INFLATION across the Eurozone dropped in May, according to official figures released yesterday, giving the European Central Bank (ECB) its last price data before a major decision on interest rates tomorrow.
Consumer prices in the Eurozone rose by just 0.5 per cent in the year to May, the joint-lowest increase since 2009. Inflation was similarly muted in March, but was distorted in that month by the effect of a later Easter.
The ECB is widely expected to cut interest rates again this week, pushing their benchmark rate into negative territory for the first time ever.
Even Germany’s harmonised consumer price index dropped by nearly half between April and May, from a 1.1 per cent rise to just 0.6 per cent. The powerhouse economy has previously seen more price pressure than peripheral countries.
When broken down into its components, services added almost all the pressure on European prices over the last year for the currency bloc, with an increase of 1.1 per cent. Food, tobacco and alcohol prices nudged upwards by only 0.1 per cent in the same period, and energy prices stayed completely flat.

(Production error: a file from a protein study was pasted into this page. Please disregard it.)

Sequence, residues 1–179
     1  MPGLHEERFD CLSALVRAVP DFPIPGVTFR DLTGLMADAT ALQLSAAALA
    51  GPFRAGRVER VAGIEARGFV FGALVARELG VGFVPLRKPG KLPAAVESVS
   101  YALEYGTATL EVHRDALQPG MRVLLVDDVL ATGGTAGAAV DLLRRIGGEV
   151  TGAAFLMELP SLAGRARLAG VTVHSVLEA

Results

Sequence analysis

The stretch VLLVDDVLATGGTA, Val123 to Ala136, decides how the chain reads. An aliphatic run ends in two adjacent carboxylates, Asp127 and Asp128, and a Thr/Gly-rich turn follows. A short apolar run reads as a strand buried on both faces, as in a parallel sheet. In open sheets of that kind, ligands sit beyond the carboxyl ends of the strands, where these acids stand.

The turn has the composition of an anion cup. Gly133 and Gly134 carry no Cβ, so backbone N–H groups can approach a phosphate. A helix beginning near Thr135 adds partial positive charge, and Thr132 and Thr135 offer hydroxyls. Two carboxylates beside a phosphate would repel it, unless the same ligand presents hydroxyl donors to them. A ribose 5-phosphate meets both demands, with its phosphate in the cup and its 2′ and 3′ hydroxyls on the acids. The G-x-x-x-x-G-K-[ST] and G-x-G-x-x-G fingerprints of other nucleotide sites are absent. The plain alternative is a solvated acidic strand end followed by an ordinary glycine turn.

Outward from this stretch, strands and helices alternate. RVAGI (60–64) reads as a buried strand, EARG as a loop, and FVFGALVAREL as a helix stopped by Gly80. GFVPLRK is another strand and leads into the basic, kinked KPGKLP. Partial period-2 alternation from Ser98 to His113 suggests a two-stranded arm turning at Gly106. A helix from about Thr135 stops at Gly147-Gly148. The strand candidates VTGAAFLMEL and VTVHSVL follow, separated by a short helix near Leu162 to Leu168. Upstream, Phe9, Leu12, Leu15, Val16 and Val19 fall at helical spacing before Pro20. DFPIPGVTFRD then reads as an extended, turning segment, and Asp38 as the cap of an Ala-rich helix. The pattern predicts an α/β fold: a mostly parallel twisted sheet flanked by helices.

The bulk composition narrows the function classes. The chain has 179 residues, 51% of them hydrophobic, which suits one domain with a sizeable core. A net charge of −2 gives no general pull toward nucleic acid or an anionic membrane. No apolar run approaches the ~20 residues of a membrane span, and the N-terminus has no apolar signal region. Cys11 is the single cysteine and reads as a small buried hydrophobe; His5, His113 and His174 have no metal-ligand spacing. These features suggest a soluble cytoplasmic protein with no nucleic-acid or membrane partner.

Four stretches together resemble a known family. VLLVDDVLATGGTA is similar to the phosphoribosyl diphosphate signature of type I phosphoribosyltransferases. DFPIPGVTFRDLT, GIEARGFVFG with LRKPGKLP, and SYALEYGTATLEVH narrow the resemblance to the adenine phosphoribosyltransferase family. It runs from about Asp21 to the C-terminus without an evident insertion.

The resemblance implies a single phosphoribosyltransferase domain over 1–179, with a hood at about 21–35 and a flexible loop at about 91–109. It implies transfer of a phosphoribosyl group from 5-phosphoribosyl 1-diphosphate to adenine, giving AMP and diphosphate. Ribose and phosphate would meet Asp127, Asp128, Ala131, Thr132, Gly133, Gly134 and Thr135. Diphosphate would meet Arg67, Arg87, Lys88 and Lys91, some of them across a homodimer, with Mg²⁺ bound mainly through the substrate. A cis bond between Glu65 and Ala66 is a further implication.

“The European Central Bank looks set to react by loosening policy this week, with a cut in interest rates and measures to boost bank lending. But more decisive action is likely to be needed, including a programme of quantitative easing and perhaps direct intervention to lower the euro exchange rate,” said Jonathan Loynes of Capital Economics.
Other economists expressed further scepticism that tomorrow’s action will have a particularly useful effect.
“The moves by the ECB have been widely trailed and markets are fully positioned. Moreover, once the announcements have been made, the market may begin to ponder on how effective they will be. European rates are already very low; the scope to push them down further is limited,” said Steven Bell of F&C Investments.